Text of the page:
We were somewhere around San Diego at the edge of the convention center when the heat began to take hold. I remember saying something like, “I can’t see in this mask, maybe I should take off this costume,” and suddenly there was a terrible smell all around us and the streets were full of bloated caricatures of superheroes and misplaced latch-key children, foaming at the mouth, waiting for the Adderall to kick in. We were all shuffling in one direction towards our air-conditioned mecca, except for that one fool frantically pushing against this sinewy riptide because he forgot to grab some variety of mass-produced pulp, or figure to get signed by Seth McFarlane or the cast of the Big Bang Theory. I wanted to tell him the truth, but I decided to keep my mouth shut. He would find out soon enough. His golden idols would be locked up inside convention halls that had filled up before dawn’s break. Low-paid security guards would apathetically tell him that he would have to “keep it moving.” They didn’t understand. This was Comic-Con. He paid a large sum of money and traveled hundreds of miles along this savage journey to the heart of the Nerd Dream. What possibly could have gone wrong?

I have been attending comic book and anime conventions in the Southern California area since I was a young teenager in the early 2000s. I now humbly refer to these years as the “good ole’ days.” These were the days when you could walk into Comic-Con and buy your passes at the door instead of waiting nervously at your computer only to find out that all the hundreds of thousands of passes had been sold out in 90 minutes. Now, the vast majority of conventions out there are not like this, but I am using Comic-Con as a case study because movies, television and the blogosphere have made it out to be the pinnacle, a life-altering experience every nerd must make a pilgrimage to, at least one time. Where exclusive swag (promotional items) flows like water and you will get autographs from all the stars wandering through the exhibit halls. The problem is that there are 200,000 people in the same confined space that have the same idea.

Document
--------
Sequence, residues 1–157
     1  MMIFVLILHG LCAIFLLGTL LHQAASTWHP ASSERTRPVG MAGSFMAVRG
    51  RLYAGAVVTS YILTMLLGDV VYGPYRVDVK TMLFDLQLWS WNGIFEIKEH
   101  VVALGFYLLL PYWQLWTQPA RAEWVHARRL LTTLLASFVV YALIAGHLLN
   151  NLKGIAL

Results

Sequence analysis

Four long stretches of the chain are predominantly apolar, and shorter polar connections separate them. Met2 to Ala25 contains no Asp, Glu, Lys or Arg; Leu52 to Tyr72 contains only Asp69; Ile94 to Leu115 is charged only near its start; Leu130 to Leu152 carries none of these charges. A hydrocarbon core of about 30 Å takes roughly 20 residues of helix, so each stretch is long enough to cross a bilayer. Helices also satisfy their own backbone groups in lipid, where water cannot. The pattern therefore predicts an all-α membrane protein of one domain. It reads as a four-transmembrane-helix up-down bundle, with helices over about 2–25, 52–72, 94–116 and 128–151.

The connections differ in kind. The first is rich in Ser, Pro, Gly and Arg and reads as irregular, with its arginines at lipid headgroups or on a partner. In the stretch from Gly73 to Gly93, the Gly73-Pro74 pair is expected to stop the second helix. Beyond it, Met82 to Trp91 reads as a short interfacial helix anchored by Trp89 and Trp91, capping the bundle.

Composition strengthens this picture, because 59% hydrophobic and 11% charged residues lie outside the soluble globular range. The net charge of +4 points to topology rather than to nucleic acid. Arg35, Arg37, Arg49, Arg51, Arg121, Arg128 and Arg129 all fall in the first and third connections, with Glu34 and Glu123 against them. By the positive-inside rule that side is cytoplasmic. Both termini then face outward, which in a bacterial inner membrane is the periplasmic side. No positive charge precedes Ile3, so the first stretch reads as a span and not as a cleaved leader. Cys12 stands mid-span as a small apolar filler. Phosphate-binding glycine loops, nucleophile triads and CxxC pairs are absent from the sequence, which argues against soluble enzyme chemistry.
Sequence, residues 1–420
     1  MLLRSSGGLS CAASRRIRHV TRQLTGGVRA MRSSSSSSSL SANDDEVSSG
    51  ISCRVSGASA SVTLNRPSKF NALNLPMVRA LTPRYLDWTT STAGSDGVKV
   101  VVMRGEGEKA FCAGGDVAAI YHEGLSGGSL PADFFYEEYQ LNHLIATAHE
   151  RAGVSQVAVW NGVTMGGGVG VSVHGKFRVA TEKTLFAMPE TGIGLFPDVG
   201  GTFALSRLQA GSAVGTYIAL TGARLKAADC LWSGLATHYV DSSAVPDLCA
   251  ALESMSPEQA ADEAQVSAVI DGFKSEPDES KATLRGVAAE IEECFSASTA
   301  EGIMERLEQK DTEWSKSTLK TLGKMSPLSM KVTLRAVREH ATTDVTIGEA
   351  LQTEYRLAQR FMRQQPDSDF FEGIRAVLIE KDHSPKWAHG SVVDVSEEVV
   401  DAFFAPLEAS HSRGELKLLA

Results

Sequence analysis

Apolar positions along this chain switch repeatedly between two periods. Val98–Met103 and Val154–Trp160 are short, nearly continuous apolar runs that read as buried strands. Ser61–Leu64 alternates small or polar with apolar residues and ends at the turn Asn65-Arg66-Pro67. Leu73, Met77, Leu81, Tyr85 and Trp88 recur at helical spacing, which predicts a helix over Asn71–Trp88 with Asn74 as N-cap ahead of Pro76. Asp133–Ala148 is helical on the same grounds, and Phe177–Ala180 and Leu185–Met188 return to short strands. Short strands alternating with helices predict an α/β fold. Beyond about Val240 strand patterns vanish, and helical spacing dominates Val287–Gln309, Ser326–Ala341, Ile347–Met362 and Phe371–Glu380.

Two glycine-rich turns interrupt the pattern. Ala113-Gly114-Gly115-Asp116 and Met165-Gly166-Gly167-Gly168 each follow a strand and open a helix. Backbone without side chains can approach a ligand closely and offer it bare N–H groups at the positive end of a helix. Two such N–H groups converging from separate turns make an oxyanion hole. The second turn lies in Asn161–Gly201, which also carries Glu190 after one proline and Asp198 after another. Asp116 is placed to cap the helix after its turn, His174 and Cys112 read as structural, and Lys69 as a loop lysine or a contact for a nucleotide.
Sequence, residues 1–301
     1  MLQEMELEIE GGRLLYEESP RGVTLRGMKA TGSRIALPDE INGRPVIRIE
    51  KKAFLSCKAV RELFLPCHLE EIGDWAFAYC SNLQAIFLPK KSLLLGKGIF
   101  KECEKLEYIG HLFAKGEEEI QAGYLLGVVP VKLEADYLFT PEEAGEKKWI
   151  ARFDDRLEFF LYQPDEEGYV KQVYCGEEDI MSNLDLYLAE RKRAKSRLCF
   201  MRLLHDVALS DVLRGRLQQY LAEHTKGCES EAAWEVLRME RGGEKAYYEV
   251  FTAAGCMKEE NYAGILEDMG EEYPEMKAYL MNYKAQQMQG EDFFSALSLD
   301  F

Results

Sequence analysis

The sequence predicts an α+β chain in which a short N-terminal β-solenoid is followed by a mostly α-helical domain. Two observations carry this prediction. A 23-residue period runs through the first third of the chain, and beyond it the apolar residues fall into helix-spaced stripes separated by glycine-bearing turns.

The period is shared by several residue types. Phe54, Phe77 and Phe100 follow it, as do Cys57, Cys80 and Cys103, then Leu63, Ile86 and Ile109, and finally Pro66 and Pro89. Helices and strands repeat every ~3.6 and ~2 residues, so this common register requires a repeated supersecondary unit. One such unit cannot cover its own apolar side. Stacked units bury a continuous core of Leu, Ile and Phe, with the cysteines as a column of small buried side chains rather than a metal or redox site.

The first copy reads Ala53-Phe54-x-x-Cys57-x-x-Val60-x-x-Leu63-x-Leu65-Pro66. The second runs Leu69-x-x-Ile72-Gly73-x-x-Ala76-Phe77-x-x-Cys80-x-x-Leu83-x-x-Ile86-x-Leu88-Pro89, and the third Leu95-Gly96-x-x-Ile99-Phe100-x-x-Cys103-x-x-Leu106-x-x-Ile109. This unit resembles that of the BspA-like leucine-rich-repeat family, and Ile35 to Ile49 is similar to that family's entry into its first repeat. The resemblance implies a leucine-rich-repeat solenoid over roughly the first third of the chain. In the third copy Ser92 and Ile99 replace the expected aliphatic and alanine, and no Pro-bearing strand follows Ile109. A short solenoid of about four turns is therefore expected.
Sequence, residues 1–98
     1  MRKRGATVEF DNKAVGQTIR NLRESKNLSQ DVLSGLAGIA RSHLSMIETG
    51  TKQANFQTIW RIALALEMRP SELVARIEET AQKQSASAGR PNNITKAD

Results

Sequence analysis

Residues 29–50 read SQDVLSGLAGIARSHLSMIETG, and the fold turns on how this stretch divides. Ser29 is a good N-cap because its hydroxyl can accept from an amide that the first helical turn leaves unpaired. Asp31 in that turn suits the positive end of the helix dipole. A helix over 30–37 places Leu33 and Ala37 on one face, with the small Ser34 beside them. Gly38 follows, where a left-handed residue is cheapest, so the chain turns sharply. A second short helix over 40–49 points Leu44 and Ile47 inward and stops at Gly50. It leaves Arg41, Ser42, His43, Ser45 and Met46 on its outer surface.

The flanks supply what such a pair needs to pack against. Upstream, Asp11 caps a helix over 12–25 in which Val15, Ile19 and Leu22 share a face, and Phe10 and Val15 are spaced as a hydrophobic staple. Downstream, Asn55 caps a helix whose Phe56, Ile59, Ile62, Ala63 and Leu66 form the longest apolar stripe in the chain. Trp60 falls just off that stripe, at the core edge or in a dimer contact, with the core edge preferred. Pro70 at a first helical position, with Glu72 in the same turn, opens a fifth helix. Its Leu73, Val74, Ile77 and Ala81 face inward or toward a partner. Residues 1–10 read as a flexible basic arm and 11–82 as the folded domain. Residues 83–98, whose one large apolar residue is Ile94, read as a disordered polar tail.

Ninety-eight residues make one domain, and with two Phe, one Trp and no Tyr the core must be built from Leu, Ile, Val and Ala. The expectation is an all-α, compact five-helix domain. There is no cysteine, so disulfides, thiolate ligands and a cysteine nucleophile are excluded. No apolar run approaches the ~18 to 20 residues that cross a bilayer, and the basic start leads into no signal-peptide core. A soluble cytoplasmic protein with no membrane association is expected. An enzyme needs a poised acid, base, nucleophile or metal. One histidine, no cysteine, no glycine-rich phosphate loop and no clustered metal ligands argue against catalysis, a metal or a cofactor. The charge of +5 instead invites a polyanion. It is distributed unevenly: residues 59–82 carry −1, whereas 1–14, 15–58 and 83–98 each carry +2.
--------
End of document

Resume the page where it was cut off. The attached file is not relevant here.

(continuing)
The reality is that you will only see a major celebrity or creative team on a stage during a panel or publicity stunt in the exhibit hall. If you want to meet them in person, you will likely have to scramble in hopes of getting into an hour-long line before they close it off. If you see a revered celebrity from years past, he or she will likely want to charge you to even take a picture with them. The popular Comic-Con exclusive merchandise will likely be sold out as well…or you will have to wait in a line to get a raffle ticket that might select you to wait in another line to get into the booth containing the exclusive item (considering it hasn’t already sold out. Which it has.)

If it sounds like I’m overly cynical about what the convention has morphed into because of the points above, I’m not. For the most part, it has been like this for the past decade or more. The difference between now and the “good ole’ days” is that “nerd culture” has been absorbed by mainstream pop culture. This has overpopulated the convention with attendees who are there because the media has told them they need to be there to be “true” nerds. The majority of swag you will be getting has changed from posters and occasional t-shirts into postcard-sized adverts, not unlike what you would find under your windshield wiper. In addition to this, the people surrounding you will be vainly trying to act quirky, constantly using phrases like “epic fail” and “win” just like the internet and TV told them to. For God’s sake man, ShowTime’s advertisements plastered all over the convention (and even our badge lanyards) were horrid memes.

Is this not what true nerds have always wanted? For years we have been begging for major production companies to make high quality storytelling within the comic medium, and incorporate elements of cyber culture. Now that we have it, all we can do is complain about the amount of people influenced by the pop culture wave flooding, what we once perceived, as a “closed” world. Am I just being overly cynical? Despite everything, I have never been to Comic-Con and left without a smile. Well, if pop culture’s assimilation of nerd media and the subsequent influx of hipster faux-nerds were the only things going on, I could live with it. The real problem comes from the growth of commercialization pushing out the smaller publishers, artists and writers who have been dedicated to this trade for much, much longer and are largely not influenced by money. I experienced an example of this when I went to meet some of my idols, the Hernandez brothers.